Alaska’s Greatest NCAA D1 Player Bracket: Field down to Elite 8
Our 64-player bracket to determine Alaska’s Greatest NCAA D1 Men’s Basketball Player is down to the quarterfinals.
Alaska’s elite eight.
Four guards from Anchorage – Mario Chalmers, Muff Butler, Devon Bookert and Trajan Langdon.
Another guard from Fairbanks – Kyle Bailey.
And three power forwards – Chris Devine from Eagle River, Carlos Boozer from Juneau and Damen Bell-Holter from Hydaburg.
The bracket gets only harder to pick from here on out. Every player is a heavyweight. No easy knockouts with this group.
Here is a quick look at how we got to this point:
Now let’s get to the elite eight:
SWEET 16 ROUND
1 Mario Chalmers (Kansas) d. 5 Damon Sherman-Newsome (Colgate)
3 Devon Bookert (Florida State) d. 2 Nick Billings (Binghamton)
3 Bookert vs. 2 Billings
If there was a possibility of a buzzer beater, this was the matchup. And Bookert was the player to pull it off.
The 6-foot-3 guard was an especially clutch player for Florida State, hitting two game-winning shots and sending another game to overtime with a buzzer-beating 3-pointer at the world’s most famous arena, Madison Square Garden.
Bookert (West High) never wilted under the bright lights.
He scored a career-high 23 points against Duke. He became the first player in FSU history to shoot better than 50 percent from 3-point land. He is Alaska’s most prolific playmaker when it comes to the NIT.
Bookert ranks first among Alaskans in NIT appearances (8) and points (60). He took over the 2014 tournament, producing a 21-point, 9-assist effort to help FSU beat Georgetown in the second round and then hitting the biggest shot of his life in the semifinals against Minnesota.
In that game, he scored seven points in the final 21 seconds of regulation, including a game-tying, buzzer-beating 3-pointer from the top of the key to force overtime at MSG. He had a knack for making big shots.
In 2013, Bookert made a 10-foot fadeaway jumper to beat the buzzer and Northeastern 62-60 in the Puerto Rico Tip-Off. In 2014, he was credited with the winning bucket after his 3-point air ball was accidentally tipped in by a Florida player on the final play of a 65-63 win.
“He’s a guy that if a fight breaks out you want him on the other side of you because he is going to be there to the end,” his college coach Leonard Hamilton said. “And then on Sunday morning, he is going to pick your daughter up and take her to church.”
Bookert still holds the FSU record for single-season 3-point percentage (.525) and ranks third for career percentage (.419).
On the all-time list among Alaskans, Bookert ranks third in games (131), tenth in points (1,120), fourth in assists (347), fifth in steals (139) and third in 3s (188).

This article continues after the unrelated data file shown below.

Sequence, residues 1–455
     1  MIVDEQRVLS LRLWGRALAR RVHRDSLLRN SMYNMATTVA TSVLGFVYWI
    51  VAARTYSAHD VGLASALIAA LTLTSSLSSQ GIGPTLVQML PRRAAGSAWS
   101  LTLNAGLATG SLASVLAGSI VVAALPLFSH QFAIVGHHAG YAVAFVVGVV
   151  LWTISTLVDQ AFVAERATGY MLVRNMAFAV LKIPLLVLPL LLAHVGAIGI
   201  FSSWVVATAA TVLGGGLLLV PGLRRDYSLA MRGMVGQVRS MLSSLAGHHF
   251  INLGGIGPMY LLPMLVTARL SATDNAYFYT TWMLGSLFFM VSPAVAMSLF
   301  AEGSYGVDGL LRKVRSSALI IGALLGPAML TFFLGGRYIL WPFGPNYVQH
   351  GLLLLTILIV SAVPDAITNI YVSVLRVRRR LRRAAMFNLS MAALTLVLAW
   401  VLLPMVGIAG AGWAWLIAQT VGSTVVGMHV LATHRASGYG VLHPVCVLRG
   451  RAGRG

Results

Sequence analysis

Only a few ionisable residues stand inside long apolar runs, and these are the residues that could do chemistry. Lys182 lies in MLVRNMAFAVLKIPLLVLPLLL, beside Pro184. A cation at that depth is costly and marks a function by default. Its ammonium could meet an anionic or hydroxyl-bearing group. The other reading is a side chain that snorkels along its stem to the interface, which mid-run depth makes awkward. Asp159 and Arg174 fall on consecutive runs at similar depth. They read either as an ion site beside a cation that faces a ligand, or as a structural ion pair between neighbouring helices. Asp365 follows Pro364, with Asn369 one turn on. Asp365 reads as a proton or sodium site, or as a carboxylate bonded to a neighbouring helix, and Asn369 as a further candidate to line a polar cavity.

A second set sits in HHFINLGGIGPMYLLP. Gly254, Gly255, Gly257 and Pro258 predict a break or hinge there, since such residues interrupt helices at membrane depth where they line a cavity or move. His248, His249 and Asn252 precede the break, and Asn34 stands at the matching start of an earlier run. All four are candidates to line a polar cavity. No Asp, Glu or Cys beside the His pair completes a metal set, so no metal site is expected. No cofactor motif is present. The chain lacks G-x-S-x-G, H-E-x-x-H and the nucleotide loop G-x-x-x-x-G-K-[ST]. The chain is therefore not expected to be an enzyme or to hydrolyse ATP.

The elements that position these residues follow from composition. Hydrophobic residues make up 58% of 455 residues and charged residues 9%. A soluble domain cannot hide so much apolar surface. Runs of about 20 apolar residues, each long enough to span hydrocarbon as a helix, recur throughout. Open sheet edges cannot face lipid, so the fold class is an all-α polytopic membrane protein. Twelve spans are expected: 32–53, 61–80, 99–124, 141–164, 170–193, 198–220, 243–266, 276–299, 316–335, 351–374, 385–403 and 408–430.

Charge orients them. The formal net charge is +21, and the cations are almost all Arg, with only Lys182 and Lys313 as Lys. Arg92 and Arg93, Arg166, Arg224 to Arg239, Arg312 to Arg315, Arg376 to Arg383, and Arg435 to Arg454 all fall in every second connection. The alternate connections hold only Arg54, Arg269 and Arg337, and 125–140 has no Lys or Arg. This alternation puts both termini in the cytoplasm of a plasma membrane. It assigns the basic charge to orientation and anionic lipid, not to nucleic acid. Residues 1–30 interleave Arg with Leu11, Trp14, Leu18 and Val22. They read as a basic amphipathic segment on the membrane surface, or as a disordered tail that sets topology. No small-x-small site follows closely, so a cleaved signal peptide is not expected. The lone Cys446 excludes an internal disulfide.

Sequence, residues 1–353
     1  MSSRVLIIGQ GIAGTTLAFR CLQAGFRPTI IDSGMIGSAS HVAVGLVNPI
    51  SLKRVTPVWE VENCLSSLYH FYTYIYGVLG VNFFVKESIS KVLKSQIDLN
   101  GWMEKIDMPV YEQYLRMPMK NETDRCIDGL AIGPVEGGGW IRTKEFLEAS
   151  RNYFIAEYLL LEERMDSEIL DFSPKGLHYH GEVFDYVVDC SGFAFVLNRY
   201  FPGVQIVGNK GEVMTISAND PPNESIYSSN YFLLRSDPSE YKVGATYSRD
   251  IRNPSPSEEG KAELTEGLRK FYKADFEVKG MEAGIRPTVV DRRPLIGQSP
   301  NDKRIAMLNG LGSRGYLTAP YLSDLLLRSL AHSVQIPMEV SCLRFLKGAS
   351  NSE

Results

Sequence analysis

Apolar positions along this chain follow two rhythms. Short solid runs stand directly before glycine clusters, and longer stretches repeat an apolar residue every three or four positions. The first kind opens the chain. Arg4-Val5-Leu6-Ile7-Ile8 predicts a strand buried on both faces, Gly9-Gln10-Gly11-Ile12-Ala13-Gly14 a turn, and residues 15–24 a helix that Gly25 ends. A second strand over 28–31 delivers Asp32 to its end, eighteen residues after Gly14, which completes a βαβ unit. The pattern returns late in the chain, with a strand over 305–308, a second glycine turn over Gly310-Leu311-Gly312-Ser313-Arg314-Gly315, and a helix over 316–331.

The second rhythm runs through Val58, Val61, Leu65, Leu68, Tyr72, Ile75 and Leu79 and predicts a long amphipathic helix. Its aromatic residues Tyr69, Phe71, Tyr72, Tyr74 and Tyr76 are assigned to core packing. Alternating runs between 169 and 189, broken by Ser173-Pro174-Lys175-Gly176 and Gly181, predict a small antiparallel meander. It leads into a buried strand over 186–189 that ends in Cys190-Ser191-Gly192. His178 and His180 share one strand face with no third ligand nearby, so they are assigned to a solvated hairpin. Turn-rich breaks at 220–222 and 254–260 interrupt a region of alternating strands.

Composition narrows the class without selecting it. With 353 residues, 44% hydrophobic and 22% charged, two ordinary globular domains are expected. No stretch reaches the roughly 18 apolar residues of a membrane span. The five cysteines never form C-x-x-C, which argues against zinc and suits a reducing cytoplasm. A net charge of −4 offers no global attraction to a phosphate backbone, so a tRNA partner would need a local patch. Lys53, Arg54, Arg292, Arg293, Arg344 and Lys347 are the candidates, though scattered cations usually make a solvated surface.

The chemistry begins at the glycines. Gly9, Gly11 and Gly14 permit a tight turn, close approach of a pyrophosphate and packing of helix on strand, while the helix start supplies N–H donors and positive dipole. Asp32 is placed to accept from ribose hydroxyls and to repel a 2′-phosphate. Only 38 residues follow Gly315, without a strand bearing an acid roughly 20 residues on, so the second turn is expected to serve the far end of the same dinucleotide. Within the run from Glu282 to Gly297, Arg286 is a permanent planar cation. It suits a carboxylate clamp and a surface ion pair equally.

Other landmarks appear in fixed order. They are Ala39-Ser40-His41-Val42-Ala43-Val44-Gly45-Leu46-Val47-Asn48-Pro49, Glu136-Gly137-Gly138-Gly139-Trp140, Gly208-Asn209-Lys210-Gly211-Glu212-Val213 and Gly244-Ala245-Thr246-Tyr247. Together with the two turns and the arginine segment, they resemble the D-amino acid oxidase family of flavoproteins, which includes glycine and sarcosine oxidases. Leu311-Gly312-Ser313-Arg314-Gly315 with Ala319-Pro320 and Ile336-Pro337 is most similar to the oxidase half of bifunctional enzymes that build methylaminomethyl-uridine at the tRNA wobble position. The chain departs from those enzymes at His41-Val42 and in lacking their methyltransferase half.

Billings (Kodiak High) might just be the most dominate Alaskan as his center position. His 336 blocked shots are more than the No. 2 and No. 3 Alaskans combined.
The 7-footer is one of two Alaskans to have his career highs equal a triple-double: 25 points, 14 rebounds, 10 blocked shots. He actually blocked 10 shots three different times for Binghamton and averaged 4.3 blocks per game as a freshman.
Billings was the American East Conference Defensive Player of the Year in 2003 and twice named all-league. He ranks fourth among Alaskans with 598 career rebounds and a .497 field-goal percentage in 107 games.
SWEET 16 ROUND
1 Carlos Boozer (Juneau) d. 4 Colter Lasher (Houston Baptist)
2 Chris Devine (Santa Barbara) d. 3 Andre Laws (San Diego)
2 Devine vs. 3 Laws
Devine was part of the Santa Barbara program for six seasons after missing the first two years with knee injuries. Once cleared for takeoff, he flew higher than most players from the 907.
The 6-foot-8 forward is Alaska’s lone four-time all-conference selection in a D1 league and one of two Alaskans to average double figures in scoring for four seasons.
Devine (Chugiak High) is also one of only three Alaskans to collect season highs of at least 29 points and 14 rebounds. He is the state’s record holder with 400 career free throws.
“Chris was a warrior,” his college coach Bob Williams said. “He was a great defender, a very, very good inside-out scorer and he is the most physical player on this team. He always did whatever we asked him to do and then some. One of the hardest workers we’ve had in the program.”
Devine set a Santa Barbara freshman records for points (355) and is one of two players in school history to earn All-Big West Conference honors four consecutive seasons from 2006 to 2009. He was named to the Gauchos Team of the Decade.
He ranks No. 2 all-time among Alaskans with 1,607 career points. He’s sixth in games (119), third in rebounds (723), fifth in field-goal percentage (.525) and eighth in steals (130).